The University of Notre Dame has named David Tyson director of nonprofit professional development at the Mendoza College of Business. He has been serving as a professor and management professional specialist at the college.
November 25, 2014
South Bend, Ind. — The Mendoza College of Business at the University of Notre Dame has named Rev. David Tyson, C.S.C., as the new Luke McGuinness Director of Nonprofit Professional Development, starting July 1, 2015. Tyson takes over the position from Thomas Harvey, who is retiring after a decade leading the department.
Nonprofit Professional Development comprises two arms of nonprofit education – the non-degree Nonprofit Executive Programs (NEP) and the Master of Nonprofit Administration (MNA) degree. The program is one of the few in the nation that offers nonprofit leadership development within a business school setting.
“Father Tyson has not only a long history here at Notre Dame, but an outstanding record of leadership in faith-based and nonprofit organizations,” said Roger D. Huang, Martin J. Gillen Dean of the Mendoza College of Business. “I'm confident that he will develop the Nonprofit Professional Development programs to meet the increasing need for nonprofit leaders who understand business, while honoring the greater mission of Mendoza and the University to serve society.”
Tyson most recently has been serving as a management professional specialist and teaching professor at Mendoza. He previously held a variety of positions on the Notre Dame staff and faculty in the 1970s and 1980s, including executive assistant to then University President Father Theodore Hesburgh, C.S.C., and as vice president for Student Affairs.
In 1990, Father Tyson left Notre Dame to become the president of the University of Portland, where he oversaw a major expansion of the campus, a tripling of its endowment, and improvement of the University's regional and national standing during his 13-year tenure. He later was elected the provincial superior of what would become the United States Province of the Holy Cross, which has more than 500 members serving on three continents.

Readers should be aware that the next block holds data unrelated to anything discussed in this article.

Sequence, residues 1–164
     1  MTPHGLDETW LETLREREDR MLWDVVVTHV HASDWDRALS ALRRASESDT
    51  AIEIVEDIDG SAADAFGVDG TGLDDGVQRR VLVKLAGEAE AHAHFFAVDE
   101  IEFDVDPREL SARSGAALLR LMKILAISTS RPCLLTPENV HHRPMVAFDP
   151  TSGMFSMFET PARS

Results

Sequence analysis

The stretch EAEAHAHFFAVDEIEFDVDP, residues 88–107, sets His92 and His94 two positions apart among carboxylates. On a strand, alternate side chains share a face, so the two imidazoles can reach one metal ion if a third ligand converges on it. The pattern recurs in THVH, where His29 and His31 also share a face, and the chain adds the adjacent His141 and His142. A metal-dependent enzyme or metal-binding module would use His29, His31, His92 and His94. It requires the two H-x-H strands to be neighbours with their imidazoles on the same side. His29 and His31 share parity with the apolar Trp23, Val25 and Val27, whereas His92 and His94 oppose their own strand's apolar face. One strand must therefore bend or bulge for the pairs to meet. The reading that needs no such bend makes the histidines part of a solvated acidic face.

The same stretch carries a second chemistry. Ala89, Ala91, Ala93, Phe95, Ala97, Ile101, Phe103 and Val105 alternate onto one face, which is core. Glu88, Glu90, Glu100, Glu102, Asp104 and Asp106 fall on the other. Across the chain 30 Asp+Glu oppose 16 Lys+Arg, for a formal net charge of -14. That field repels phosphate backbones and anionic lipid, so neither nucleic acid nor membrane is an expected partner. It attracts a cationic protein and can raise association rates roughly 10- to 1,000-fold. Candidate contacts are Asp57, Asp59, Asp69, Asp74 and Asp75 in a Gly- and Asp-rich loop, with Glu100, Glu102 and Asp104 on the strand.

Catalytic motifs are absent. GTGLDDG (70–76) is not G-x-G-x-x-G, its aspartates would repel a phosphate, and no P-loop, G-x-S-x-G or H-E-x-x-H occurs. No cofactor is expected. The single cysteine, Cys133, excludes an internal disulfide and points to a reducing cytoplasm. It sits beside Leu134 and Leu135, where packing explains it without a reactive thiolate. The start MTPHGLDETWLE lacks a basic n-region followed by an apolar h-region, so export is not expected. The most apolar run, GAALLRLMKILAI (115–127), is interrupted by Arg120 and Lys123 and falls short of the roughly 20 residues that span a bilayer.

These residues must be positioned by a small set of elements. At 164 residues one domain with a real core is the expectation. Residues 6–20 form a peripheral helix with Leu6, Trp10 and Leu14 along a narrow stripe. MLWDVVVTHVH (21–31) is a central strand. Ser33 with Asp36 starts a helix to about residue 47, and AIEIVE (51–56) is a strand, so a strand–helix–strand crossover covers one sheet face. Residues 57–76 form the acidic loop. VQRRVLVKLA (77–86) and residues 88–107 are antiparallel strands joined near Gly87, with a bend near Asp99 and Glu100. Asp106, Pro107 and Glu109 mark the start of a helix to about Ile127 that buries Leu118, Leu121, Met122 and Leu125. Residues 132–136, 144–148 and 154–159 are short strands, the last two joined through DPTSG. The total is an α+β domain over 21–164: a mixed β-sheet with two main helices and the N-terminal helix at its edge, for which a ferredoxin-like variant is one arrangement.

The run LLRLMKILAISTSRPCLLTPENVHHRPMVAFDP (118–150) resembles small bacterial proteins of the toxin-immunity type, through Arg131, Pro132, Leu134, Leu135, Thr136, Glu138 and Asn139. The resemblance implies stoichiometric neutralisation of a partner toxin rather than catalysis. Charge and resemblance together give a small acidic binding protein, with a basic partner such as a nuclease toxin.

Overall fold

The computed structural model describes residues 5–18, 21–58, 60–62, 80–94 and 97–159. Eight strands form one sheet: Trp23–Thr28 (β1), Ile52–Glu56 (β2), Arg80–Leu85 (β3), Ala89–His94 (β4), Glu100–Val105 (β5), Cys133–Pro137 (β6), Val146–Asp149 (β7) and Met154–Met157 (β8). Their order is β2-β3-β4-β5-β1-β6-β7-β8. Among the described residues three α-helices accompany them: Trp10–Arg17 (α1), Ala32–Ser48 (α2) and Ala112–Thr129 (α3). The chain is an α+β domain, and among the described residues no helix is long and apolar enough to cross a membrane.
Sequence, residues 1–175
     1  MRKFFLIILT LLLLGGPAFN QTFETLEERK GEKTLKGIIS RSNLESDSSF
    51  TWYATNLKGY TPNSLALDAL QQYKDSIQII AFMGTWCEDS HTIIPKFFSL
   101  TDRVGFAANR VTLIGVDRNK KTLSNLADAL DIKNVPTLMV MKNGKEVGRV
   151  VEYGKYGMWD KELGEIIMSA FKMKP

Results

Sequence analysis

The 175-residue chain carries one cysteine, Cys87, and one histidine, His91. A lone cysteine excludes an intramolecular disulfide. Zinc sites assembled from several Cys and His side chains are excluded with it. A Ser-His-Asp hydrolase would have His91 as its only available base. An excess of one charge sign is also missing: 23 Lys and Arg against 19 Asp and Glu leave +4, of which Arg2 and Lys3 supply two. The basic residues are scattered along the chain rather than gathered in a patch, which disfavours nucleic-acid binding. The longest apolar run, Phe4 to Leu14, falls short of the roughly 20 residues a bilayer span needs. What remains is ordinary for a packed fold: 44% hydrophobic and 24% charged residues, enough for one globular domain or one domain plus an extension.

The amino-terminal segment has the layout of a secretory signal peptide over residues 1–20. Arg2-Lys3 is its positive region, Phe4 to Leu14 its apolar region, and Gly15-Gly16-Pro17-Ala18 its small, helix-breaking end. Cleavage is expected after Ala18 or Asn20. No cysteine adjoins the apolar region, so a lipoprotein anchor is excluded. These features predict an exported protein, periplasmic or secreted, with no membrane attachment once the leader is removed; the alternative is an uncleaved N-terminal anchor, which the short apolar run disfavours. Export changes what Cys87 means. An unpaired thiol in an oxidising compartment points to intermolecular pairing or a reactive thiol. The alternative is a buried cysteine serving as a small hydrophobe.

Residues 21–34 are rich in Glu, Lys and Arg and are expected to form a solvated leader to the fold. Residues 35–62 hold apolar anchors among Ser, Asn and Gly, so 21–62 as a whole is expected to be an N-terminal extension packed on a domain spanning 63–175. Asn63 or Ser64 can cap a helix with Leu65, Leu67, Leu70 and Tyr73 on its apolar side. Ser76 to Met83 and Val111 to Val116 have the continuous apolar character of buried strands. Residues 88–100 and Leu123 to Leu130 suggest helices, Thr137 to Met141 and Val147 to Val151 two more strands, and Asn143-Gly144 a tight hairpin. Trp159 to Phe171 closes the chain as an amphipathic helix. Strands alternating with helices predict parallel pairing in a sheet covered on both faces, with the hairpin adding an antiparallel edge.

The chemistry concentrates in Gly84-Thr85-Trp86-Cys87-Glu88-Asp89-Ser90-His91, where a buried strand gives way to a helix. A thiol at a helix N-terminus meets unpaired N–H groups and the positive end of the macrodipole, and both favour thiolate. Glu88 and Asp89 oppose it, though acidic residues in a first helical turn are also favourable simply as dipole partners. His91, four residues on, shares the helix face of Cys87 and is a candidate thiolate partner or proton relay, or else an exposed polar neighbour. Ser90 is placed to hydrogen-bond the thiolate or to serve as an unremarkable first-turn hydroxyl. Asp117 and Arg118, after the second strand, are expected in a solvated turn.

Tyson earned his doctor of education degree from Indiana University, and was awarded an honorary Doctor of Laws degree from Notre Dame for his contributions to the University, the Congregation of Holy Cross, and Catholic higher education. The University of Portland awarded him its highest accolade, the Christus Magister Medal, for outstanding service to the University and Catholic higher education in the United States.
Tyson has served on Notre Dame's Board of Fellows and Board of Trustees, as well as the U.S. Air Force's Board of Visitors of Air University. He received the highest civilian award, the Outstanding Civilian Service Medal, from the Department of the U.S. Army in providing guidance and support for military education in the context of a University.
Source: University of Notre Dame